Susan Furtney, who heads the University Wellness Initiative, wants faculty and staff members to envision what a dynamic, accessible network of health and wellness programs on campus would look like. Healthy cooking classes, a South Campus trail system and access to onsite cholesterol checks—or other possibilities to be suggested by the campus community—are some options to think about.
Faculty and staff will get a chance to voice their opinions about what more the University can do to promote healthy living in an online survey through the University Wellness Initiative. An email with a link to the survey was sent out Wednesday, Jan. 23.
The confidential survey, which should take 10-15 minutes to complete, will ask faculty and staff about their knowledge of existing campus wellness programs, gather feedback on possible new options and ask about how they view their own health. As an incentive, participants can opt into a drawing for items and services, including massages, nutritional counseling and personal training.
“We want to establish a broader vision of how to improve the health and well-being of faculty and staff at SU,” Furtney says. “However, at the end of the day, health behavior change and improvement are very individual. For some it may mean reducing stress and eating healthier meals. For others, it’s about setting goals to run a marathon, and for those who are older, it might be about improving balance and flexibility.”
Furtney arrived at SU in July as the result of a recommendation by the Campus Wellness Task Force, which released its findings in 2011. The group was tasked by the Working Group on Sustainable Benefits, which was appointed by Chancellor Nancy Cantor to review all of the University’s benefits, to specifically address wellness.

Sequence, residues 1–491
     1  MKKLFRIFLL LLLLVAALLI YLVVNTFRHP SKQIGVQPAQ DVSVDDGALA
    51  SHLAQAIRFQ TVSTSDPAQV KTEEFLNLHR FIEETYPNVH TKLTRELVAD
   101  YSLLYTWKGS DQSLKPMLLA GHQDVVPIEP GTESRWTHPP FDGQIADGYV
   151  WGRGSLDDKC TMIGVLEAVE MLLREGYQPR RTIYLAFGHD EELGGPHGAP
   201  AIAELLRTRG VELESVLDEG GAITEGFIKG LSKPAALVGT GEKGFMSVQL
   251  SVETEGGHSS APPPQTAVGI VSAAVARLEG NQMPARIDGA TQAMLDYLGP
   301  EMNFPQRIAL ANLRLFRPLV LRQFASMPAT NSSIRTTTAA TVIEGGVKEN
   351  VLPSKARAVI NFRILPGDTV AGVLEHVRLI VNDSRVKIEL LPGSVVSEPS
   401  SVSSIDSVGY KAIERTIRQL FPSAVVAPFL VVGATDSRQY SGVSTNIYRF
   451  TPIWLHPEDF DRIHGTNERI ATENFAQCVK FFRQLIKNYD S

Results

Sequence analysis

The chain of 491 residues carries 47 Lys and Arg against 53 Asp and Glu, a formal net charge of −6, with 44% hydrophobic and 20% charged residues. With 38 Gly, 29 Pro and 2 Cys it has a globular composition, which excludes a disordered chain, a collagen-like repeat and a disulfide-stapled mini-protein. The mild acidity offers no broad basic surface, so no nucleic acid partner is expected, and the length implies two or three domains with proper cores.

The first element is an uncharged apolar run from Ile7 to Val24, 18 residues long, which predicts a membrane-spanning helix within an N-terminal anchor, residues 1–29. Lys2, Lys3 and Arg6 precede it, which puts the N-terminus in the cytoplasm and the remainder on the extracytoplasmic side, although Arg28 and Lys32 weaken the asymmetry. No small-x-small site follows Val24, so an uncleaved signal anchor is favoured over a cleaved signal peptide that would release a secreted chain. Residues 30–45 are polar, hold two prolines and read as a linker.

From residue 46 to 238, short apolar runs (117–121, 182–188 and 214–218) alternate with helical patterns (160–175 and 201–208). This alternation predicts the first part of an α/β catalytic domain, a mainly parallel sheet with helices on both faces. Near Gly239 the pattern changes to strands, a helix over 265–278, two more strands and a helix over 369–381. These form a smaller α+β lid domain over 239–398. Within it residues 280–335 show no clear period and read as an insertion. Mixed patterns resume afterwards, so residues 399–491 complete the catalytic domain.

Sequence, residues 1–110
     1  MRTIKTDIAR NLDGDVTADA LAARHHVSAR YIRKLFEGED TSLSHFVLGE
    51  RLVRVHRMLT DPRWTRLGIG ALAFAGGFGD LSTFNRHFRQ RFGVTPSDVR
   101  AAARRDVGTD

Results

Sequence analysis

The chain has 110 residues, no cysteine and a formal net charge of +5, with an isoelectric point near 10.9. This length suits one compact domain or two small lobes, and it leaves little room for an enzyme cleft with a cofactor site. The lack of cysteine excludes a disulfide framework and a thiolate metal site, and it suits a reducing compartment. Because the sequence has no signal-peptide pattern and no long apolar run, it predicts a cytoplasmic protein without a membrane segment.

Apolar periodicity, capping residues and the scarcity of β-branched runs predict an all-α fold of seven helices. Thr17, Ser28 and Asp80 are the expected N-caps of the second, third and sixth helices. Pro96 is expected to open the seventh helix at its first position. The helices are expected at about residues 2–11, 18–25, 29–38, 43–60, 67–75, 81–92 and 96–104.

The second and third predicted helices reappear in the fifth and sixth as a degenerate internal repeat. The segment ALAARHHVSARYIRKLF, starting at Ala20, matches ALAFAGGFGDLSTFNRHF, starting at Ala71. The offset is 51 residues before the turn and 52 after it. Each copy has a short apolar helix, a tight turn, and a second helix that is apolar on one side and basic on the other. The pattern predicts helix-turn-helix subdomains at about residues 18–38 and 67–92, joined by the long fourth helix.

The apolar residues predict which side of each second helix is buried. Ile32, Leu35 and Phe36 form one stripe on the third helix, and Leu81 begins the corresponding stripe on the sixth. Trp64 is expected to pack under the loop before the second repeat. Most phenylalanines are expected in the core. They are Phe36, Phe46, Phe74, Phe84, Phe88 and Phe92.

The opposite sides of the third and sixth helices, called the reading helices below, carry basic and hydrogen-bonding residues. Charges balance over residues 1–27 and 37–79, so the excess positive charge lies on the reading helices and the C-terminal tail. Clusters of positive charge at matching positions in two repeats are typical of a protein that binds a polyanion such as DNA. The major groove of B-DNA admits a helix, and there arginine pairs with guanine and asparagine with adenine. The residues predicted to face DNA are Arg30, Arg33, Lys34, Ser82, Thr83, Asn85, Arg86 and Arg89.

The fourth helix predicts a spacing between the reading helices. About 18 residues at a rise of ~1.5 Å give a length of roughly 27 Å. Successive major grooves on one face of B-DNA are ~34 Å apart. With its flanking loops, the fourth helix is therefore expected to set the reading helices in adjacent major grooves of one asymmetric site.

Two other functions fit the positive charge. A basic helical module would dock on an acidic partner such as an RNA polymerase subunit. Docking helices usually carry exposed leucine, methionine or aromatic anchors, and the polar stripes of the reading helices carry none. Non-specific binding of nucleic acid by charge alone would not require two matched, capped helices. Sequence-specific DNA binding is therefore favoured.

Thomas H. Dennison, professor of practice in public administration and international affairs and director of the Lerner Center for Public Health Promotion at the Maxwell School, was a member of both the working group and the wellness task force. He sees promoting health among employees as a benefit to individuals to improve their quality of life, and to the University in terms of absenteeism and cost of insurance.
“This is about making sure we have the healthiest, most productive workforce possible,” Dennison says.
Approved by the Chancellor, senior cabinet leaders and the Board of Trustees, the task force’s recommendations included the appointment of a person to coordinate health and wellness efforts for faculty and staff. Furtney, who has a master’s degree in public health, has spent 20 years in health care in a variety of capacities in for profit and nonprofit settings, including consulting in large health care systems and organizations. Prior to moving to Syracuse, she was the executive director of a health care nonprofit agency in Charlotte, N.C., that provides access to preventative health services for 7,000 uninsured and underinsured people annually.
The survey is the first step in designing the campus-wide wellness strategy. The first section assesses faculty and staff members’ awareness and participation in such wellness activities as the annual Fun Run and Walk, fitness centers, Healthy Monday and 20 other resources.
The second component is designed to gauge interest in future wellness activities, whether it’s fitness, health education, health screenings or stress reduction. The last part of the survey is a brief, unobtrusive assessment of the individual’s own perception of personal health and wellness.
The information faculty and staff provide on the survey will be confidential. SU’s Office of Institutional Research and Assessment (OIRA) is administering the survey on behalf of Human Capital Development. “We will receive aggregate survey information in order to evaluate grouped responses, but no individual identifying features or responses will be shared from OIRA,” Furtney says.
Furtney expects to organize sessions in late spring to share the results of the survey and next steps with faculty and staff.
“We want to find out what people value—and help them be as healthy as they can be,” Dennison says.
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